Cover-ups, lies, re-shaping.  Let’s just call it what it is.  Let’s face it.  We lie to protect ourselves; we lie to promote ourselves.  We lie to elevate ourselves; we lie to excuse ourselves. I’ve said it before and I’ve said it again, when a lie is told or a truth is hidden about the identity of another human being, that lie, cover up or informational void should not follow that person for his or her entire life.  It’s just not fair.  It’s not right.

About 7 months ago, I got one of those initial contact e-mails from a 2nd-3rd cousin through 23andMe. He asked the usual questions, using a template provided by 23andMe:

Hi,

Through our shared DNA, 23andMe has identified us as relatives. Our predicted relationship is 2nd Cousin. Would you like to compare our genomes? By sharing genomes we can compare our DNA using ancestry features and discover clues about how we are related. Surnames in my family: Mann, Bailey, Schmidt.  I live in Northern California now, and I’m in my late 50’s. This is my first experience with 23andMe—interesting!  Andy Mann

Well, none of those names meant anything to me, but, then again, I simply don’t know. So I shared my story with Andy.  Who knows?  Maybe something would click with him.

Hi Andy!

23andMe is most definitely “interesting!” Here is the information I have about my biological family–maybe you can help me put some of the puzzle pieces together and see how we may be related. Unfortunately, the surnames you provided don’t mean anything to me, but there is a reason for that.  Perhaps they will mean something to me after we exchange information (I am hopeful!).

Mine is an interesting story. I was adopted as an infant. Pittman is my adopted name, so it won’t help you with your relative search. But I do have some information that may be able to help you.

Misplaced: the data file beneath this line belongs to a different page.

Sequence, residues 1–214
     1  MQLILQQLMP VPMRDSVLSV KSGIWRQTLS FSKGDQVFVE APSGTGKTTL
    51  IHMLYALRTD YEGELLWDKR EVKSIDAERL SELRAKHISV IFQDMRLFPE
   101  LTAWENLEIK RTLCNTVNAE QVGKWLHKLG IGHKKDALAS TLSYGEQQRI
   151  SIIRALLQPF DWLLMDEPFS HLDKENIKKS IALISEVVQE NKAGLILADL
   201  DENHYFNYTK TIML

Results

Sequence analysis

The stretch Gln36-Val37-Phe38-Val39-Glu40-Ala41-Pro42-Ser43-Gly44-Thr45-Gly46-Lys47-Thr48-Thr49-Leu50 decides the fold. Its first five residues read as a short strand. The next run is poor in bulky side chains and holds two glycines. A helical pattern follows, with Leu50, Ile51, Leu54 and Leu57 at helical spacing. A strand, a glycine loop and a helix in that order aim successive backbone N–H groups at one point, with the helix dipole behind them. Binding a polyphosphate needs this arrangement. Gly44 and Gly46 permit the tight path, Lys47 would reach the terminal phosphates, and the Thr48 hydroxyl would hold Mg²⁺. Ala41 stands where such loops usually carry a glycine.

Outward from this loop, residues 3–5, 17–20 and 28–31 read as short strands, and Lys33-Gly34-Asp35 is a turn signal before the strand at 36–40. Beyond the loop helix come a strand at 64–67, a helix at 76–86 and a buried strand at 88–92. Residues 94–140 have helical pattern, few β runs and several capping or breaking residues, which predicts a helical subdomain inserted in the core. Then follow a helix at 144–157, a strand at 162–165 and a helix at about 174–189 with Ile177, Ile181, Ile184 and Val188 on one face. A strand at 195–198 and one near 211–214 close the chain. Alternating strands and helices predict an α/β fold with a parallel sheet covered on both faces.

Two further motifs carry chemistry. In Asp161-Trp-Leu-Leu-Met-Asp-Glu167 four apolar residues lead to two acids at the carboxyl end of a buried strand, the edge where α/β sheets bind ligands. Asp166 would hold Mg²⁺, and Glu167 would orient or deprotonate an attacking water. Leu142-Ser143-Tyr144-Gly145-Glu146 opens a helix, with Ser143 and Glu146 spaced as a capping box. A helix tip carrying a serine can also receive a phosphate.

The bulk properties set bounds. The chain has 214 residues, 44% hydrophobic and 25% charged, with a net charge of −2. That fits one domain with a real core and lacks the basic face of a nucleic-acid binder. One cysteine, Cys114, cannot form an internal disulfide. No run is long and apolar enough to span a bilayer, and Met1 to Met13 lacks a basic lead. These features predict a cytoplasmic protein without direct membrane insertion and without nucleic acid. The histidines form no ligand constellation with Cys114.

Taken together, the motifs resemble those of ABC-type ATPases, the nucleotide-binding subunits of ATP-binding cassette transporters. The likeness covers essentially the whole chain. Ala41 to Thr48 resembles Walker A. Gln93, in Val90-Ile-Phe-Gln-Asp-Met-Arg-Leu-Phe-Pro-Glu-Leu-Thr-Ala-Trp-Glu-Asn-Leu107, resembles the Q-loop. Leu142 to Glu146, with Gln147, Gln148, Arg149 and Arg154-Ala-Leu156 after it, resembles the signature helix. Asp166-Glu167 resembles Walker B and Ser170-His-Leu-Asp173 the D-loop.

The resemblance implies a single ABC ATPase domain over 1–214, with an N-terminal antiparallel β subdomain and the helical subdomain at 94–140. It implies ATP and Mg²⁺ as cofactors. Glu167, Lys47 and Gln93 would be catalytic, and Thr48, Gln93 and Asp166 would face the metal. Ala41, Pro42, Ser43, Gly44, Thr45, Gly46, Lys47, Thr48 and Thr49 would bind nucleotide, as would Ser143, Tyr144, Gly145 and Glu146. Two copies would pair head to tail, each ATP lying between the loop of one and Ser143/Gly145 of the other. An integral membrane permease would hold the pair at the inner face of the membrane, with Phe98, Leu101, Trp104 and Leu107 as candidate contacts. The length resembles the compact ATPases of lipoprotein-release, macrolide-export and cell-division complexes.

I was able to locate my biological mother 25 years ago. Her name is Margaret Michaels, born in Chicago in 1945. Her mother’s name is Eve (maiden name Beryl). I do not know her father’s first name, but I assume his last name was Michaels (I was born “Baby Girl Michaels”).

Margaret never told me who my biological father is (she has refused contact with me–it’s a complicated story), but I was able to find him through 23andMe! His name is Jackson Summer and he currently lives in Washington state. He was born in 1943–I’m not sure where, but he grew up in Santa Barbara, CA (as did Margaret). Perhaps you are a match with Jackson?

I started blogging about my adoption story a few months back.  If you’re interested in reading, you can find it at https://adoptionmytruth.wordpress.com/.

If there is any other information I can give to you, I’d be happy to. Perhaps the surnames I’ve listed here mean something to you. That would be fabulous!

Looking forward to hearing from you again.

Laureen

 

Andy wrote back right away to inform me that none of the surnames or locations rang a bell with him.  I didn’t hear from Andy for 6 months.  And then, this:

Hi Laureen,
Have you been in touch with  Jackson Summer?  My 88 year old mom, who lives in Northern California, recently wrote me this (below).  Can you forward it to him? Hope you’re doing well. – Andy Mann

 

* * * * * *

From my mom: